The Swedish director Roy Andersson makes what could be called cinematic dioramas. Shot in static, rigorously composed long takes, his oblique scenes depict mini-worlds that reflect all the absurdity, cruelty, and humor of our own but are still somehow other. His latest, A Pigeon Sat on a Branch Reflecting on Existence, which won the Golden Lion at Venice last year, is one of the weirdest films you will see this year. With its lengthy shots and odd longueurs, it may feel frustrating at first — especially for those who haven’t seen the director’s earlier films, like Songs From the Second Floor and You, the Living, with which this film forms a loose trilogy. But stick with it. On the page, Andersson’s approach may seem deadly and pretentious, but his expert timing, his eye for detail, his flair for the ridiculous, and his use of the chasmic possibilities of deep focus mark him as a genuinely cinematic talent — the secret love-child of Jacques Tati, Monty Python, and Ingmar Bergman.
There’s no way to accurately summarize the plot of Pigeon. Through a series of occasionally interconnected vignettes, we follow several characters, among them two sad, middle-aged men attempting to sell novelty items — including vampire teeth, whoopee cushions, and something called an “Uncle One-Tooth” mask — to a variety of random people. (“We’re in the entertainment business,” they say, without any change to the glum frowns on their faces.) There’s also a dance instructor brazenly hitting on one of her students, an officer who has gotten the date of a military lecture wrong, and sad people drinking in bars. Lots of sad people drinking in bars.
In what might be the film’s most touching scene, a deaf old man sits by himself in one bar while a waitress tries to get his attention. We then flash back to the same place in 1943, a boisterous beer hall where the proprietress, a smiling, bold woman named Limping Lotta, sings a song and is joined by a group of young soldiers, whom she lets pay for their drinks with kisses. When the scene cuts back to the present, we see the older man being helped into his coat by the waitress and some other patrons — a brief moment of humanity and community in this otherwise alienated world. Did he dream that flashback? Was he in it? Who knows? We were there, and suddenly this throwaway moment — a man struggling with a coat — gains breathtaking resonance.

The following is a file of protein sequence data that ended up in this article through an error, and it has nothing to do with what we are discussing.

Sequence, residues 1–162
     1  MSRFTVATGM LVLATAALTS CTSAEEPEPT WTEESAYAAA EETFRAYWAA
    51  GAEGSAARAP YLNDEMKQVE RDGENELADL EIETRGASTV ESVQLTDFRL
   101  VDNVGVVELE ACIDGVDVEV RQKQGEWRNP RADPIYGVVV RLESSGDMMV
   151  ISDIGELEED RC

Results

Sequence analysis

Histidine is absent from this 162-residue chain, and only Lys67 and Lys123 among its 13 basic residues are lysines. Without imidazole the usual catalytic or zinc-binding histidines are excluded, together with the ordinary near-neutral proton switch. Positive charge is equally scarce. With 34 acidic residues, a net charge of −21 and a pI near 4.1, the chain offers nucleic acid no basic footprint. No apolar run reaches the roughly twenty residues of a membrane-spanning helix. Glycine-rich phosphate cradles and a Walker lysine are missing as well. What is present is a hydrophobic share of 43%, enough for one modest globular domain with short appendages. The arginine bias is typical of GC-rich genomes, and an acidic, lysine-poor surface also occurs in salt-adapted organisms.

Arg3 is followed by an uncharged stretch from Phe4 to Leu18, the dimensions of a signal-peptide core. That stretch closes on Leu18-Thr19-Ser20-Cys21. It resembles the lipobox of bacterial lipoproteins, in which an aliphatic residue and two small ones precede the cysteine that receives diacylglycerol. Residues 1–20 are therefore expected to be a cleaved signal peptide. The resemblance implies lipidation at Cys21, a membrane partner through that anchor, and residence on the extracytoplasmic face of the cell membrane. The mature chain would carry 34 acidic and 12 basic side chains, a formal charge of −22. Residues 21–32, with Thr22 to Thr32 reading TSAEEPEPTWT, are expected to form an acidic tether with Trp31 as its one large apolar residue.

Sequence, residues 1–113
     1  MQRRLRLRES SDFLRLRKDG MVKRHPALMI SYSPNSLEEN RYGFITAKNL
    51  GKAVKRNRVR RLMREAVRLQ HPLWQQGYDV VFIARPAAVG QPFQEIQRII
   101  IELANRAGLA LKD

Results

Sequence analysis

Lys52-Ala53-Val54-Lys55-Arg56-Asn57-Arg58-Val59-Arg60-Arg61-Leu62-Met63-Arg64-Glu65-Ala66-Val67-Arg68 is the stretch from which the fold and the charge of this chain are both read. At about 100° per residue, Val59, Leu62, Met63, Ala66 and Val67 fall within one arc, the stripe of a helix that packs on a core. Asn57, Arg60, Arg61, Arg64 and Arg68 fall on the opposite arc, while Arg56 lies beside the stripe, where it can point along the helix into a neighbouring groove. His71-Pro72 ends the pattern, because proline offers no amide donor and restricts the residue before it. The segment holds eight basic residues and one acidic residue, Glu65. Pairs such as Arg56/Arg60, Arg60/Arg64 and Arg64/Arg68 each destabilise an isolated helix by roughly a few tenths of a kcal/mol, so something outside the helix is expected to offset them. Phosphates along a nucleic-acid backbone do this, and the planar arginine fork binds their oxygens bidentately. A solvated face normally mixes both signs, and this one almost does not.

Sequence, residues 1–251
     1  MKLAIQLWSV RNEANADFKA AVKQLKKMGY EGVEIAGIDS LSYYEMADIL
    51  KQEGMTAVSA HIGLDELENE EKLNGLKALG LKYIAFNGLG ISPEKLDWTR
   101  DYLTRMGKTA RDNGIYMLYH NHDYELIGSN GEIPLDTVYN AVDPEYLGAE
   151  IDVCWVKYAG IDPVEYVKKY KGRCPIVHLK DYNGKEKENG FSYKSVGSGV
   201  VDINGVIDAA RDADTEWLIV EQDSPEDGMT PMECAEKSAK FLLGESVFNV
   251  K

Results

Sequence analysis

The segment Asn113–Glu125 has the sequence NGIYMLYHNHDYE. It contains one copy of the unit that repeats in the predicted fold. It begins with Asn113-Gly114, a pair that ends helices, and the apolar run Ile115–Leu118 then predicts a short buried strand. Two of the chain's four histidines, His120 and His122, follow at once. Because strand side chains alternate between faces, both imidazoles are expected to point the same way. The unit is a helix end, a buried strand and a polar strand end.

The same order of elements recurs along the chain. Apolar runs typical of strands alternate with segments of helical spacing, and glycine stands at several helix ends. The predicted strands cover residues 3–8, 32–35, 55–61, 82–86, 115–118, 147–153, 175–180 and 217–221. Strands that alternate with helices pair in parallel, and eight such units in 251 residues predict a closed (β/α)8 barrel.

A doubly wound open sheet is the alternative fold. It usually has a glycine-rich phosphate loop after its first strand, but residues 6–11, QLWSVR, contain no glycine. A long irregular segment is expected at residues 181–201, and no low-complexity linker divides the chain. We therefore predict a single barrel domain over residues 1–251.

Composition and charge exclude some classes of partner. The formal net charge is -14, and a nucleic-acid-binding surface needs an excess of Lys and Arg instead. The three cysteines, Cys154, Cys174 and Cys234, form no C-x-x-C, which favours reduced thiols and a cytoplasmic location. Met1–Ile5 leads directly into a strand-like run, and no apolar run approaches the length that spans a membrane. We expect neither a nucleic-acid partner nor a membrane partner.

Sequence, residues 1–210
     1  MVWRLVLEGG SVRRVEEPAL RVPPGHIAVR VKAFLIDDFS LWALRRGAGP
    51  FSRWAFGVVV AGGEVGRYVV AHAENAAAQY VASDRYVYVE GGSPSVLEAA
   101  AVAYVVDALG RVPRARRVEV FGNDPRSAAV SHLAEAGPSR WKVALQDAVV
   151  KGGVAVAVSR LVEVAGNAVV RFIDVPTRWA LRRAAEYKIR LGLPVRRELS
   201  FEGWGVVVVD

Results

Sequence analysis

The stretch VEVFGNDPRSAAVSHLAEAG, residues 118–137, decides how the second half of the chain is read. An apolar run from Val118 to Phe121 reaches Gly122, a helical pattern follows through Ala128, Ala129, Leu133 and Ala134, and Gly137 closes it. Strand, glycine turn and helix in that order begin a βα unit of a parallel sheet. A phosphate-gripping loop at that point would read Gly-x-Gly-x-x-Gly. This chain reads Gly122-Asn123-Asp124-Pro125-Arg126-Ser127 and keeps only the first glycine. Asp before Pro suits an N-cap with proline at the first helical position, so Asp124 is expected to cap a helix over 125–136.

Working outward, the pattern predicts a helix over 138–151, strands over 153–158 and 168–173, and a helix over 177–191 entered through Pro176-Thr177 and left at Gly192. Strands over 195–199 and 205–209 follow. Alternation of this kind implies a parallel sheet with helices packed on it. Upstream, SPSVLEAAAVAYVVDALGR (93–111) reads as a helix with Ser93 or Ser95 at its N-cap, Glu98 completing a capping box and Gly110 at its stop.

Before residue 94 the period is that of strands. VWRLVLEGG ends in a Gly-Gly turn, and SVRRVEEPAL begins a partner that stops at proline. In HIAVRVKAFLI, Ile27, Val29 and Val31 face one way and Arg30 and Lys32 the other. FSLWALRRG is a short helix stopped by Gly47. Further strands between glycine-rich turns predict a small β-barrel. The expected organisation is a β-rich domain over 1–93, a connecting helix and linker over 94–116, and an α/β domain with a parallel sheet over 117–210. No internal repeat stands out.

A bar is central also to the film’s most bravura scene, which comes right smack-dab in the middle of the movie and features the absurd sight of a present-day bar being visited — nay, invaded, by Charles XII, who ruled Sweden from 1682 to 1718. After having the women kicked out and a random guy flogged, the king orders a mineral water while hundreds of soldiers and horses march outside, singing along on their merry way to invade Russia. The king spies a young male bartender, then tries to quietly seduce him. (“His majesty the king thinks a man as young and as handsome belongs on the battlefield. He can sleep in the king’s tent.”) The scene is Pythonesque in its surrealism, and yet there’s a grave intensity to it, too — we sense, briefly, the power of the king’s station, and what it’s like to be wooed by a monarch. It’s a fleeting power, though: Later, we see the same bar as the king returns, half-dead, from his defeat at the hands of Peter the Great. This time the women, all war widows, remain in their seats. Unable to stand, all the king wants to do is use the bathroom; but, well, it’s occupied.
History is ever-present in Pigeon. The grim, grey present contrasts starkly with the majesty of the past throughout the film. But that majesty is an illusion, because the past is also a place of horror. In one unbearably ghastly scene late in the film, we see a colonial army forcing Africans into a giant, unfamiliar apparatus whose purpose slowly becomes terrifyingly clear. Life, in Andersson’s world, seems to be an eternal trade-off between the mundane and the monstrous.
But I’m getting carried away here, trying to interpret something that’s not meant to be interpreted — just experienced. Andersson doesn’t seem to be interested in grand theses. He presents these immaculately conceived dream-visions to us, in the hope that something in there might reflect back on our own lives. That’s why, beneath all that surrealism and all those impressively staged fantasies, I think he remains a humanist. He punctuates his film with occasional shots of children playing with bubbles or performing in talent shows, or a mother making her baby laugh, or a young couple making out in the park. And even those two sad little men trying to sell novelty items with perpetual glowers on their faces turn out to have surprising depths. For all the despair and horror on display in A Pigeon Sat on a Branch Reflecting on Existence, you walk out of it as if on a cloud, light and hopeful.